November, 2020 Newsletter
Sharing information on nutrition and holistic health for your dog
Hello and welcome to November! How is it November already? It seems like I just took the snow tires off my car and now it's time to put them back on again!
This time of year makes me want to get the house cozy as we settle in for winter weather. Jake, my 7 year old golden retriever, has already started his "cozy routine". He has a sweet habit of climbing onto the couch looking for snuggles every evening. It's something he only does once the cooler weather and darker evenings have set it.
How many of you find that your dog is getting a few extra treats throughout the day now that we all seem to be at home more than usual? Whether you feed kibble or raw food, treats are an excellent way to give your dog some fresh food.
I've got lots of suggestions for fresh food treats in the News to Share Section of this newsletter, along with a handy Fresh Food Treats infographic you can download or print.
My newest article:
Thank you for reading, and feel free to share my newsletter with other pet parents who might be interested in fresh food and holistic health tips for dogs!
What I'm Reading & Watching ...
From Needles to Natural, Judy Morgan D.V.M.
I've recommended this book in a previous newsletter, but since I have new subscribers (welcome!) I wanted to share it again. This is an enjoyable, informative and very readable book for anyone who is just beginning to learn about holistic approaches to dog health.
Small Animal Clinical Nutrition
I'm currently studying the sections on Gastrointestinal Disorders in my Small Animal Clinical Nutrition textbook to go along with webinars on Irritable Bowel Syndrome and Pancreatitis that I've registered for later this month. These disorders are common in dogs and careful manipulation of the diet is critical.
In Defense of Food
It's an interesting occurrence that when pet parents begin to focus on their dog's diet, they often do the same with their own. I have been a fan of Michael Pollan's for a long time and last weekend I enjoyed watching his documentary, In Defense of Food. If you enjoy nutrition and health information programs for people, I give In Defense of Food a thumbs up! I watched this documentary on Amazon Prime.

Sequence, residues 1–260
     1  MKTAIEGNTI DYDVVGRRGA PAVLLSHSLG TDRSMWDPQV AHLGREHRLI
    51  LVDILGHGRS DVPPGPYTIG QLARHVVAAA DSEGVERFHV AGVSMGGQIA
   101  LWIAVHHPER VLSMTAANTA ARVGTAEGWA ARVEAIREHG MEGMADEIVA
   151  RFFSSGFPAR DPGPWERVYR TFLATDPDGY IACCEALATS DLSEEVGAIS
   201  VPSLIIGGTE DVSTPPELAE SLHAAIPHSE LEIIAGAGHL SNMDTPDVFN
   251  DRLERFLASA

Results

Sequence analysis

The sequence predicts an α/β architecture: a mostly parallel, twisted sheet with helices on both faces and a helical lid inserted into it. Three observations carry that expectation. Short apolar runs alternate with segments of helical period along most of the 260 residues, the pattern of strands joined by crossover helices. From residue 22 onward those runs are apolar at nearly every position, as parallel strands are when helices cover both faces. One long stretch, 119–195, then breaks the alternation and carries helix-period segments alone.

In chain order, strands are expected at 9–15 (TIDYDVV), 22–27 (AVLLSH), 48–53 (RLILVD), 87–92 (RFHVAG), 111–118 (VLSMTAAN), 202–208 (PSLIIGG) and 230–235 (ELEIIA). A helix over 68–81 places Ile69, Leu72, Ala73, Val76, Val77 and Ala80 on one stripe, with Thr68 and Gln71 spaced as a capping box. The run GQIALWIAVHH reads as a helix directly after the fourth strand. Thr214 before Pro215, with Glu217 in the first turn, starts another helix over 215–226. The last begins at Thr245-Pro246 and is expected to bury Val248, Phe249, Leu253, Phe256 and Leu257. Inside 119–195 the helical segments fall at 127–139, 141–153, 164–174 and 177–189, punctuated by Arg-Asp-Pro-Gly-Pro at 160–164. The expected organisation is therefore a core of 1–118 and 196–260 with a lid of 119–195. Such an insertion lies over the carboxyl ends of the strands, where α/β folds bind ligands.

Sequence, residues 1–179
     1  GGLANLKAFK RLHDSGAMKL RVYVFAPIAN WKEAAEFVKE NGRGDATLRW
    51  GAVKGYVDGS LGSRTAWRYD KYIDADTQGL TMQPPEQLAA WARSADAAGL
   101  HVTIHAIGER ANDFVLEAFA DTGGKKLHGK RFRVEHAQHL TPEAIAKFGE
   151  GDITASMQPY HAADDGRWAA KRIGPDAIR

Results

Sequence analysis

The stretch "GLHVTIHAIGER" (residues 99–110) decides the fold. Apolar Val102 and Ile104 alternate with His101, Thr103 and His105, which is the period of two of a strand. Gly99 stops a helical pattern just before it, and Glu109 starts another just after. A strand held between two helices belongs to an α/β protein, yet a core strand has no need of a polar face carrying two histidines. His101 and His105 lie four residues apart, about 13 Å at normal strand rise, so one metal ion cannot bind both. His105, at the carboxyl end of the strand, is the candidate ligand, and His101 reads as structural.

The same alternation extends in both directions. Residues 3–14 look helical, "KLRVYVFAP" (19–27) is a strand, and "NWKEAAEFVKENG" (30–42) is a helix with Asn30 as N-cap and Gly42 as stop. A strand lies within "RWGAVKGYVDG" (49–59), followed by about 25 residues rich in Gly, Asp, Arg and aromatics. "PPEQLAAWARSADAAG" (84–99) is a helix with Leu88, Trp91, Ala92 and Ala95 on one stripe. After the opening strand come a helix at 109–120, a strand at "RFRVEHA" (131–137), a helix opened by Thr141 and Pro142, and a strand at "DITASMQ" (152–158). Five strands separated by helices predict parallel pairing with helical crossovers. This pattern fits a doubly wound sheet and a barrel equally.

Fresh Food Facts ...
Fabulous fresh food facts about mussels ...
Chances are you're familiar with green-lipped mussel powder and its use as an anti-inflammatory, joint protective supplement, but did you know that dogs can have the common variety blue mussels as well?
Mussels are a rich whole-food source of manganese, which is typically low in home prepared diets.
14 grams, or half an ounce of cooked blue mussel meat has about 25 calories, and almost 1 gram of manganese. That same amount of mussels also has 40 mg of phosphorous, so if your dog needs a low phosphorous diet, you might need to skip the mussels.
Mussels don't tend to bio-accumulate toxins.
Mussels must be cooked, and the shells removed, before feeding to your dog. Buy organic, if possible. I can buy a 340 gram bag of cooked, frozen organic mussel meat from T&T for about $5. Thaw and serve.
Dehydrated and freeze-dried mussels are good options, but always check the source.
Always test your dog's tolerance for new foods by offering a small amount of one new food at a time, and increase slowly over a few days.
For your viewing enjoyment ...
This is a really cool video of a professional photographer as he takes pictures and video of his dogs catching treats! The fun stuff begins around the 3:50 minute mark.
News to Share
Did Someone Say Treats?
Most dogs love treats and we love giving treats to our dogs! Whether you feed kibble, raw, or a cooked diet, treats are an excellent way to add fresh food and variety to your dog's diet.
Here are some ideas to get you started
Small pieces of gently cooked green beans, carrots, and broccoli stalks
Thinly sliced raw cucumber and carrots
Soft fruit such as banana, berries, melons, and pear
Thin slices of apples
Homemade treats - look for treats made without sugar or white flour. I prefer coconut flour since it's gluten free and lower in carbohydrates than wheat flour.
Bits of low fat cheese if your dog can tolerate dairy
Small bits of cooked lean chicken and turkey
Lean homemade meatballs (no onions)
Frozen chopped smelts
Cooked or freeze-dried mussels
Look for treats that can be broken into small pieces. Dogs seem to prefer a lot of very small treats vs. one or two larger treats.
Practice portion control and be careful of the amount of calories coming from treats. Also be careful not to over feed high-fat treats.
Think about using some of your dog's meal as 'treats'. For example, if you give your dog an egg with his breakfast serve the egg hardboiled as a treat or scramble it and use it to stuff a Kong instead.
Offer fruit treats in moderation to avoid digestive upset.
Not every food will be a fit for every dog.
Always introduce small amounts of new food one at a time to test tolerance.
Check out the recipes section of my website for healthy treat recipes.
Good to Know ....
Pig ear dog treats have been recalled due to salmonella risk.
I encourage you to do your own research when making decisions about food, treatment, medications, or supplements for your dogs.